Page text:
In this study, we evaluated 20 patients who underwent concentric periareolar subcutaneous mastectomy surgery after obtaining the legal permission of sex reassignment surgery according to the preexamination tests in Iran.[18] All patients were followed up for 12 months. The probable need for revision surgery was explained for each patient before the surgery.

  Materials and Methods Top

A 28-year-old GRS candidate was chosen among the patients who have received the legal permission of this procedure in Hospital Complex of Iran. Informed consent and photography were taken for each candidate. The surgery was started under the general anesthesia. Two circular incisions with the diameters of 2.5–3 cm and 4–4.5 cm (depends on the size of the breast which was 75B with body mass index [BMI] of 19 in our case) were created around the nipple areolar complex (NAC). Marking the site of surgery was done, and a schematic drawing of this step is shown in [Figure 1].
Figure 1: Marking the site of surgery

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De-epithelialization of the space between two incisions with the diameter of 1–1.5 cm was performed. Breast tissue was excised from pectoral muscle fascia by maintaining 1 cm thickness of tissue under the NAC to avoid tension occurrence. It is shown in [Figure 2].
Figure 2: Mastectomy and conserving the nipple areola complex

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After hemostasis achieved, the closed-suction drain was placed in the area, and purse string was obtained using 4-0 nonabsorbable suture in the borderline of the outer circle of the skin. Finally, the skin and subcutaneous tissue was closed using absorbable suture as shown in [Figure 3].
Figure 3: Closing the purse string and placing the drain at the end of surgery

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After dressing up the surgical site, patients must wear compression garment. The drains were removed when the drainage was <30 cc/day. Finally, NAC was examined to evaluate the blood circulation. The follow-up continued for 1 year after the surgery and results were collected by evaluating the satisfaction, scar formation, nipple sensation, and need of revision.

  Results Top

During 2016–2017, 20 patients underwent sex reassignment surgery using concentric periareolar subcutaneous mastectomy in Imam Khomeini hospital complex in Iran. We monitored our patients for 1 year. Moreover, our findings are as follows:

  • Satisfaction: The satisfaction was rated as “very satisfied,” “satisfied,” and “not satisfied.” Among 20 patients, who underwent the GRS in Imam Khomeini Hospital Complex of Iran, 19 of them (95%) were “very satisfied” and “satisfied” from the result of surgery. These data are tabulate in [Table 1]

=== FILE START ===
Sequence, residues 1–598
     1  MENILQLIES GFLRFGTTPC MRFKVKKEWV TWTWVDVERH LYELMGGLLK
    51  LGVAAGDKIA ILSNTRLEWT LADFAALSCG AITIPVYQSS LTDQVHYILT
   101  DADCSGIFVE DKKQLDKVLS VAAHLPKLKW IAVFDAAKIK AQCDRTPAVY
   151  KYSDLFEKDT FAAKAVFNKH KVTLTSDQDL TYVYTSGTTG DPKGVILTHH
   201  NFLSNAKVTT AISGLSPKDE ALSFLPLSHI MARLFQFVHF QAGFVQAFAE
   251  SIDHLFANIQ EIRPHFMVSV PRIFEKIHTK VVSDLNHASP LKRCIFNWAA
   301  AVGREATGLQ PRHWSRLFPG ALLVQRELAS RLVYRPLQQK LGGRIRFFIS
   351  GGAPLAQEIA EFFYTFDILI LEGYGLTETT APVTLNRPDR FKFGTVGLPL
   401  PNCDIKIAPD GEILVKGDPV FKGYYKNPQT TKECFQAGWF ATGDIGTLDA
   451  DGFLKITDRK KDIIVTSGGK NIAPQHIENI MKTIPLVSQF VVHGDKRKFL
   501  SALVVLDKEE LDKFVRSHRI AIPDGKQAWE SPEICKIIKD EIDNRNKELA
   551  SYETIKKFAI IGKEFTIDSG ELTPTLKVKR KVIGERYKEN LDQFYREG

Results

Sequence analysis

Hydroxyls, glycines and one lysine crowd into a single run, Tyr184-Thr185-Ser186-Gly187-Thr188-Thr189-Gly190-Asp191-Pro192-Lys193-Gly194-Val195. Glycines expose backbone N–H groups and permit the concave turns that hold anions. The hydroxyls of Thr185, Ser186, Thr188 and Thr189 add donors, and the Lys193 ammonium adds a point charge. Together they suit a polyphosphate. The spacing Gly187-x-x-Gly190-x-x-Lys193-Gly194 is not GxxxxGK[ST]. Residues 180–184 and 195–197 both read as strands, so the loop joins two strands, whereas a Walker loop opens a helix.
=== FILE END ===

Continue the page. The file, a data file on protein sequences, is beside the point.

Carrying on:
• Scar formation: After 1 year of surgery, an acceptable scar was remained in the site of mastectomy
  • Nipple sensation: We considered sensation score as a quantitative variable varies between 0 and 10 in where 0 and 10 indicates no sensation and good sensation, respectively. This evaluation was done by superficial and deep breast touch by a doctor. After 1 year from the GRS, the average score of nipple sensation was 7.9
  • Complications: Hematoma occurred in one patient, and there was no other complication among other patients in our study. Hematoma was managed conservatively
  • Need for secondary correction: During 1 year from the surgery, three patients needed revision because of contour deformity occurrence. Liposuction was performed for one of them, and two of them underwent the excess breast skin removal.

[Figure 4] shows a pre- and post-operative photography of one the patients.
Table 1: Satisfaction from the results of surgery

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Figure 4: Preoperative (a) and postoperative (b) photos

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  Discussion Top

Mastectomy in TS people who are the candidates of GRS plays an important role in esthetic purposes to make a male chest with minimal scar. There are many different techniques which are used to achieve this aim.[6],[7],[9],[10],[11],[12],[13],[19] For smaller breast and elastic skins, the semicircular technique which was first described by Webster is deployed.[11] The resultant scar in this technique is acceptable.[14] In the cases with small breasts and large prominent nipple, the Trans-areolar Technique is used. This procedure allows us to resect a specific amount of nipple, but the result scar on NAC may be remained.[15] In patients with large and ptotic breasts, the free nipple graft technique is preferred.[13],[17],[20] Long residual scars, changes in pigmentation, and sensation of NAC and the risk of incomplete graft take are some disadvantages of this method.[11] Because of confining the scar to the circumference of the areola, concentric circular technique has aesthetic results in these patients. This method also allows us to positioning and reducing the areola.[16] A same method called the extended concentric circular technique is used for correcting wrinkling resulted by large difference between the inner and outer circles.[11] The result scar may extend horizontally onto the breast skin. Selecting the proper technique depends on the size of breast tissue and the degree of ptosis. In order to avoid depression deformity, we must save a small amount of mammary tissue. Furthermore, the pectorals major muscle fascia must be preserved to be fixed with fascia.[9] Hematoma should be controlled and supervised during the follow-up.